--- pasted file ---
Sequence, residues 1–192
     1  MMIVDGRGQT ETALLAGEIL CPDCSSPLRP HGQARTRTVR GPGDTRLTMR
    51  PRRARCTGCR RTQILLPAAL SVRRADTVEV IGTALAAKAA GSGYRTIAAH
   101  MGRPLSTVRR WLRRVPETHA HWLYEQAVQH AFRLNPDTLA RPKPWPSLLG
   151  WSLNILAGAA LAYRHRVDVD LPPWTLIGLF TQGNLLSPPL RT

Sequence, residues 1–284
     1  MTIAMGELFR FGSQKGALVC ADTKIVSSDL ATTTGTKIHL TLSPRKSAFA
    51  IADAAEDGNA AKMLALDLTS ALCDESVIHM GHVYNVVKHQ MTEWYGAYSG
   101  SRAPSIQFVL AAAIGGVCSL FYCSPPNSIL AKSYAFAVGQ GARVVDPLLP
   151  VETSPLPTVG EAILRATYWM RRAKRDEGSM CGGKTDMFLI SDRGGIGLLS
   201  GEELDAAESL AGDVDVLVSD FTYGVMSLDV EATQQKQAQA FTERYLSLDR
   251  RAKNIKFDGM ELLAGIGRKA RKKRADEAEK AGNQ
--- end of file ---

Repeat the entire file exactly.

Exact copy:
Sequence, residues 1–192
     1  MMIVDGRGQT ETALLAGEIL CPDCSSPLRP HGQARTRTVR GPGDTRLTMR
    51  PRRARCTGCR RTQILLPAAL SVRRADTVEV IGTALAAKAA GSGYRTIAAH
   101  MGRPLSTVRR WLRRVPETHA HWLYEQAVQH AFRLNPDTLA RPKPWPSLLG
   151  WSLNILAGAA LAYRHRVDVD LPPWTLIGLF TQGNLLSPPL RT

Sequence, residues 1–284
     1  MTIAMGELFR FGSQKGALVC ADTKIVSSDL ATTTGTKIHL TLSPRKSAFA
    51  IADAAEDGNA AKMLALDLTS ALCDESVIHM GHVYNVVKHQ MTEWYGAYSG
   101  SRAPSIQFVL AAAIGGVCSL FYCSPPNSIL AKSYAFAVGQ GARVVDPLLP
   151  VETSPLPTVG EAILRATYWM RRAKRDEGSM CGGKTDMFLI SDRGGIGLLS
   201  GEELDAAESL AGDVDVLVSD FTYGVMSLDV EATQQKQAQA FTERYLSLDR
   251  RAKNIKFDGM ELLAGIGRKA RKKRADEAEK AGNQ